14/07 – 12:55 to 13:40 – Qualifying 2
14/07 – 18:45 to 20:00 – Race 2

Porsche Supercup – Britain (Sky Sports F1)
14/07 – 11:10 to 11:50 – Race

World Superbikes – Laguna Seca
Also airs live on World Superbikes‘ Video Pass (£)
13/07 – 18:45 to 19:45 – Qualifying (Eurosport 2)
13/07 – 22:00 to 23:15 – Race 1 (Eurosport 2)
14/07 – 18:45 to 19:45 – Qualifying Race (Eurosport 2)
14/07 – 22:00 to 23:15 – Race 2 (Eurosport 2)
17/07 – 20:00 to 21:00 – Highlights (ITV4)

As always, coverage plans are subject to change back, so check back here for further adjustments.

Update on July 11th – England are in the Cricket World Cup final, having beaten Australia. Free-to-air coverge will now air live on Channel 4, but will switch to More 4 during the Grand Prix.

In my view, Channel 4 have made the right call here. England were last in the CWC final in 1992, whereas the British Grand Prix is a yearly event, so the decision to move some of the build-up and the reaction of the F1 to More 4 is a no brainer. Of course, the F1 is going to be squeezed massively on Sunday, but that is FOM’s fault on the scheduling front and not Channel 4’s or Sky’s.

Elsewhere, Claire Cottingham has confirmed that she will be part of Channel 4’s coverage this weekend, and likewise Alex Brundle has announced that he will be alongside Alex Jacques on Formula Two commentary for the feature race.

Update on July 12th – Interestingly, perhaps contractually, F1’s build-up and post-race show is not airing on More 4. Instead, Channel 4 have trimmed their F1 programming by an hour, with 15 minutes cut from the build-up and 45 minutes cut from the post-race analysis, leaving a total length of 3 hours and 35 minutes.

Scheduling: The 2019 Dutch TT / Austrian Grand Prix

From Catalunya to Assen, MotoGP heads to the Netherlands for the Dutch TT, which plays host to round eight of the season.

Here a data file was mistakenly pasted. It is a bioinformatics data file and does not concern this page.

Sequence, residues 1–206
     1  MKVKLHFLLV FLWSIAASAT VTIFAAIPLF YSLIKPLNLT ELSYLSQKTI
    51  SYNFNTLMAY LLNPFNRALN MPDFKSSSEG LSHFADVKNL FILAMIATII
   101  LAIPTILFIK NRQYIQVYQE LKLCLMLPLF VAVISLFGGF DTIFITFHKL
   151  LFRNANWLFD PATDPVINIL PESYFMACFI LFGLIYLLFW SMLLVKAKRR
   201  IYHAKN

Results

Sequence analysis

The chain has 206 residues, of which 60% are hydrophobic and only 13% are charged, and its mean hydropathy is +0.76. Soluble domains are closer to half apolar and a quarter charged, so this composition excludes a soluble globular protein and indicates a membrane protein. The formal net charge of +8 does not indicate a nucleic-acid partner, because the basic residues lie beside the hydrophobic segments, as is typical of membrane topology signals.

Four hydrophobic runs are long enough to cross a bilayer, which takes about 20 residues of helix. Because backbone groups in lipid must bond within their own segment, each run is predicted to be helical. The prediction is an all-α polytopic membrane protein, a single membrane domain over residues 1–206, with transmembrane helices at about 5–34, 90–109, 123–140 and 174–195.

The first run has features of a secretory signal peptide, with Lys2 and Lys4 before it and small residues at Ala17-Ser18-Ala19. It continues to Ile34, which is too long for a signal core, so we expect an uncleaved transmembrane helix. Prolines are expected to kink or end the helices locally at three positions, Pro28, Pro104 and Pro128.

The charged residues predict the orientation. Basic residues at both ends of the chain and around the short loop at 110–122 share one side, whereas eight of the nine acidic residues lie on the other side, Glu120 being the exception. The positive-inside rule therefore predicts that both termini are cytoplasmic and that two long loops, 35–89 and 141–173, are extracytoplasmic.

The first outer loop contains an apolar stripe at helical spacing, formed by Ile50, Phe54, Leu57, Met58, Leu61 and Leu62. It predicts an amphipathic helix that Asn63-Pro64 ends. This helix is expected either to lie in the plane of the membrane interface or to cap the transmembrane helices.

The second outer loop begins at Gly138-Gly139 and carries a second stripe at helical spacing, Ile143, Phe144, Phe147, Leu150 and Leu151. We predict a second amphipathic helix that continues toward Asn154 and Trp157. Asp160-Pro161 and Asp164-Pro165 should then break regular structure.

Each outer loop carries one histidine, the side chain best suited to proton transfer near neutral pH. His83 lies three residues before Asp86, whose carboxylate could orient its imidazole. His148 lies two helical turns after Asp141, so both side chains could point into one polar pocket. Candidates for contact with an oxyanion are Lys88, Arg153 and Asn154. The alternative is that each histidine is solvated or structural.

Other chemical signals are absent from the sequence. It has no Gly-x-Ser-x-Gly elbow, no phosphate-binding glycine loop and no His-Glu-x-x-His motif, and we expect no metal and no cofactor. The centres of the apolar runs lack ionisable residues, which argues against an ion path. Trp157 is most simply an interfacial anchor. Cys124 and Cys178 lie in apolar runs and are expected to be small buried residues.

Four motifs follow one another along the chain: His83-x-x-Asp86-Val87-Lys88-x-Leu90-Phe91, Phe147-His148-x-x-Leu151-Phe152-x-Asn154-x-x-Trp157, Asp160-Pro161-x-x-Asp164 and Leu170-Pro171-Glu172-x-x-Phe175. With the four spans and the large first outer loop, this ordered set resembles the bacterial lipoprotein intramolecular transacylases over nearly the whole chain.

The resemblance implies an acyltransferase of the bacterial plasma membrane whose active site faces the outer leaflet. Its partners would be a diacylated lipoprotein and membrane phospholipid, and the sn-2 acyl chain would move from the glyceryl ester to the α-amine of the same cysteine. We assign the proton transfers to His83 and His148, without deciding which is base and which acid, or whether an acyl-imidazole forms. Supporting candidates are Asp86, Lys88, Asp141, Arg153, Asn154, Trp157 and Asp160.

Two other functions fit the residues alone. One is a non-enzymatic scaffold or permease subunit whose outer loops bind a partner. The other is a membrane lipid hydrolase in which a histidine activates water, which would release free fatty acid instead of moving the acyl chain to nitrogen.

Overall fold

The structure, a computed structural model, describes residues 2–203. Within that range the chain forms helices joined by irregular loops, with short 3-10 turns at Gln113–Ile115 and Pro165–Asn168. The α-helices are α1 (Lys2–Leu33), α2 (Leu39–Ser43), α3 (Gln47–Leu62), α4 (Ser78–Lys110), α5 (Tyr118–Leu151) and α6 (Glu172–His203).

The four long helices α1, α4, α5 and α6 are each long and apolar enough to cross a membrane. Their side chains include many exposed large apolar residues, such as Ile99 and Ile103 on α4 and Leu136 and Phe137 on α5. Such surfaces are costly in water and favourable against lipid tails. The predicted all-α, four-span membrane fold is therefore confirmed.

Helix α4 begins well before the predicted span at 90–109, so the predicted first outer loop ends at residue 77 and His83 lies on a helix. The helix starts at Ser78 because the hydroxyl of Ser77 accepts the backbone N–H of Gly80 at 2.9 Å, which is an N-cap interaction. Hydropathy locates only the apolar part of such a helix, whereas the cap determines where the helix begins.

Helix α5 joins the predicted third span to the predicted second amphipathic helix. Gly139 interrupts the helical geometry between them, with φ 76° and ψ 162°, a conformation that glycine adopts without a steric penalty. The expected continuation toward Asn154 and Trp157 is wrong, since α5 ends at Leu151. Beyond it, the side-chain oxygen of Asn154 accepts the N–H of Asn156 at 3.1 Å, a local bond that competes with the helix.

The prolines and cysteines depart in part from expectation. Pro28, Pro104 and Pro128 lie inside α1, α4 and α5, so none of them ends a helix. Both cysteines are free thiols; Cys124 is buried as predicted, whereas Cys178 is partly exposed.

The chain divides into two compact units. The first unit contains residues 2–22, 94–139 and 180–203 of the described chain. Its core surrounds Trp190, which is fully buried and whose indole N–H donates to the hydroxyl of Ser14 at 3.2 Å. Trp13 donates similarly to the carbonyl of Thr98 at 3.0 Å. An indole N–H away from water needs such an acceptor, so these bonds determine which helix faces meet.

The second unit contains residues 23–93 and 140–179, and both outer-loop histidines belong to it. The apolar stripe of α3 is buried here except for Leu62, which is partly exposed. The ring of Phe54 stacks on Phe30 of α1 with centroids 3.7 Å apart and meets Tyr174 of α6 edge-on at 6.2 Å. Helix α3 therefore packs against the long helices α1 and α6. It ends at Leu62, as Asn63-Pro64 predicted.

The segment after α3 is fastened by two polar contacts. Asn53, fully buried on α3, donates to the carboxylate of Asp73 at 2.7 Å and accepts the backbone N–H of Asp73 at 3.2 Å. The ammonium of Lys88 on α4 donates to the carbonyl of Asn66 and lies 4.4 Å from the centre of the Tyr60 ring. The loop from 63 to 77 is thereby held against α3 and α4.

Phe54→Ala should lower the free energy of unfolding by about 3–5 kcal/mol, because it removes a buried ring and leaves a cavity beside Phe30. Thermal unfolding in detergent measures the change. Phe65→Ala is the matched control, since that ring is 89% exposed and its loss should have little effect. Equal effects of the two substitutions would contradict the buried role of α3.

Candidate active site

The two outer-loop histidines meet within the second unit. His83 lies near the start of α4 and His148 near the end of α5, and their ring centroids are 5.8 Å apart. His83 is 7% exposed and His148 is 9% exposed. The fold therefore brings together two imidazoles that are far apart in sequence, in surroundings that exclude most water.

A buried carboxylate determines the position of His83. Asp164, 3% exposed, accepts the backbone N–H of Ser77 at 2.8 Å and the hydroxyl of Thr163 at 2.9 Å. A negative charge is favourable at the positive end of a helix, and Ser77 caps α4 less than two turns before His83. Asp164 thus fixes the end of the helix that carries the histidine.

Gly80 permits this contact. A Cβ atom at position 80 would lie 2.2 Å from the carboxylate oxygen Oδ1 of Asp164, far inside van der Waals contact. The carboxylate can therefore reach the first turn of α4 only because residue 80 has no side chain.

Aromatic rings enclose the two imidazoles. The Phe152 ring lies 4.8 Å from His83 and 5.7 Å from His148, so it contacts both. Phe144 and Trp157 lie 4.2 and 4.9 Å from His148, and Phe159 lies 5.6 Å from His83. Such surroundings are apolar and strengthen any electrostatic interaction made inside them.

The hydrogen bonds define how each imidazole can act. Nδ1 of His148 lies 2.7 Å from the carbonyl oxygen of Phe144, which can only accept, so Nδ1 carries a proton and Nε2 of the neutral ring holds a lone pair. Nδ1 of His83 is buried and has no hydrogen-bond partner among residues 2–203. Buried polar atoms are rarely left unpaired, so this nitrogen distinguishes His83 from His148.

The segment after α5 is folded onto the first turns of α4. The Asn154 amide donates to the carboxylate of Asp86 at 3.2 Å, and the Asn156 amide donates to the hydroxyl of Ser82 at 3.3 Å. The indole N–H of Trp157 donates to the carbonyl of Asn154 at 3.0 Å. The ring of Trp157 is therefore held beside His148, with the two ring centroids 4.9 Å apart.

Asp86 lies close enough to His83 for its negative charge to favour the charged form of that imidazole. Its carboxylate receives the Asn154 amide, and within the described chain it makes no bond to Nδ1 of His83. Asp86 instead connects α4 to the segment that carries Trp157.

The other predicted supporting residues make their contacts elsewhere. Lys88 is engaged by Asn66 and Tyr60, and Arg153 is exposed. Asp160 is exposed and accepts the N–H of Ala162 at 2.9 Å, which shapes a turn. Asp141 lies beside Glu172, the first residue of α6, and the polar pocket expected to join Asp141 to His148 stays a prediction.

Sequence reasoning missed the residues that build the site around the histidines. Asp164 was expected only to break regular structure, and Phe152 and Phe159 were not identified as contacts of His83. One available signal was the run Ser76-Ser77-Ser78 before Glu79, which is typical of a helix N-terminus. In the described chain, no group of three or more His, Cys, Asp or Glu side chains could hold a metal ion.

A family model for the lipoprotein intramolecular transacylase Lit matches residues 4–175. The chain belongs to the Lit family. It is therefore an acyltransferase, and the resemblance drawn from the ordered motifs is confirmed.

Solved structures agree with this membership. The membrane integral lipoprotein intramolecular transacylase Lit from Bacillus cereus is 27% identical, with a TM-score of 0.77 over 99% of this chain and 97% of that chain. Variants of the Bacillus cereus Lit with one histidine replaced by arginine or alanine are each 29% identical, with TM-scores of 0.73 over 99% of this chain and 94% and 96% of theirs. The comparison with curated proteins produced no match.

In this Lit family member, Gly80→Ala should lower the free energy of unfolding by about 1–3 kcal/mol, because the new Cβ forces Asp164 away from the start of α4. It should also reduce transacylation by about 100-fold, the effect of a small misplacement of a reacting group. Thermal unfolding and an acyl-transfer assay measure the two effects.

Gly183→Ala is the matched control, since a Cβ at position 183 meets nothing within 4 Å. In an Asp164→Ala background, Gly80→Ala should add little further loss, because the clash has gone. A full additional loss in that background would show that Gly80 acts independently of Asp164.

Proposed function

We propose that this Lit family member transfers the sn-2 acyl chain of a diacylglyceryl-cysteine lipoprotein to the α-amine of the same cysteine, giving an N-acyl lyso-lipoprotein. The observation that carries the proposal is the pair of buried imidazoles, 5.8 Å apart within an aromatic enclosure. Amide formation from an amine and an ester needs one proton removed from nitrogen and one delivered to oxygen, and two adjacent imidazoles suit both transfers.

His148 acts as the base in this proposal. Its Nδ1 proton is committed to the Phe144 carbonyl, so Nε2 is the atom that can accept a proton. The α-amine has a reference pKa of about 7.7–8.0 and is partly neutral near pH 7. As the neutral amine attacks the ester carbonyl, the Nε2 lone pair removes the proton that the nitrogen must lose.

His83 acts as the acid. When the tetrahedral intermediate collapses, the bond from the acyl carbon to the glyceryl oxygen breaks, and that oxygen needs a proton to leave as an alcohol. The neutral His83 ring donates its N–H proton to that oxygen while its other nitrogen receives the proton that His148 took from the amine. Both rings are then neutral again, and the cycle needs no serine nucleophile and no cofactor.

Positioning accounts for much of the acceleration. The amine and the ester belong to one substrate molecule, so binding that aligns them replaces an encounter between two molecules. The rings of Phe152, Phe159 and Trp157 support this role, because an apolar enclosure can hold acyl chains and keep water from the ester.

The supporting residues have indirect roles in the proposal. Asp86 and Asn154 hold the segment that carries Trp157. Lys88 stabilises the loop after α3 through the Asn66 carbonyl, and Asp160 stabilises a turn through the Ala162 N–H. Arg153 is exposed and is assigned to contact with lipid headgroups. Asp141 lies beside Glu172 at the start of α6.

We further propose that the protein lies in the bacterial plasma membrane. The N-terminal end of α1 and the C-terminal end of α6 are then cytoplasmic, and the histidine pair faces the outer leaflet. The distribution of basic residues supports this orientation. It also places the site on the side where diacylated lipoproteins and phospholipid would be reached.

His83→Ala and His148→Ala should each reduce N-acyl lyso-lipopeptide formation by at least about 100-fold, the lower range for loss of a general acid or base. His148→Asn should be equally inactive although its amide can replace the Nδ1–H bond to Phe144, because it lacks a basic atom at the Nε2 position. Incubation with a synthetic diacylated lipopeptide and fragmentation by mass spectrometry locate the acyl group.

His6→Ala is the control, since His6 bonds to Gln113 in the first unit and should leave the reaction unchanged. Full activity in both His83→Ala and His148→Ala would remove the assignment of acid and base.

Marc Marquez looks to maintain his advantage at the top of the championship following his dominant performance last time out. Marquez extended his lead following a three-bike collision between Jorge Lorenzo, Valentino Rossi, and Andrea Dovizioso in Catalunya.

As always, the action airs exclusively live on BT Sport, the pay TV channel airing over 22 hours of live coverage from the Netherlands. For those without BT, the action is also available via MotoGP’s Video Pass, with highlights airing on Quest on Monday evening.

Elsewhere, Mercedes look to continue their crushing Formula 1 dominance in Austria. Ted Kravitz is absent from Sky’s line-up for the weekend, with Karun Chandhok back in the fray.

If pay TV is not your thing, Channel 4’s highlights air in their usual Sunday evening slot, with Mark Webber and Billy Monger again joining regulars Steve Jones and David Coulthard.

On the domestic front, Knockhill plays host to the latest round of the British Superbikes championship (airing live on Eurosport), whilst Oulton Park is home to the British Touring Car Championship for the weekend (airing live on ITV4).

MotoGP – Assen (BT Sport 2)
Also airs live on MotoGP’s Video Pass (£)
28/06 – 07:45 to 15:15 – Practice 1 and 2
29/06 – 08:00 to 15:15
=> 08:00 – Practice 3
=> 11:00 – Qualifying
30/06 – 07:30 to 15:00
=> 07:30 – Warm Ups
=> 09:15 – Moto3
=> 11:00 – Moto2
=> 12:30 – MotoGP
=> 14:00 – Chequered Flag

MotoGP – Assen (Quest)
01/07 – 22:00 to 23:00 – Highlights

Channel 4 F1
29/06 – 18:30 to 20:00 – Qualifying Highlights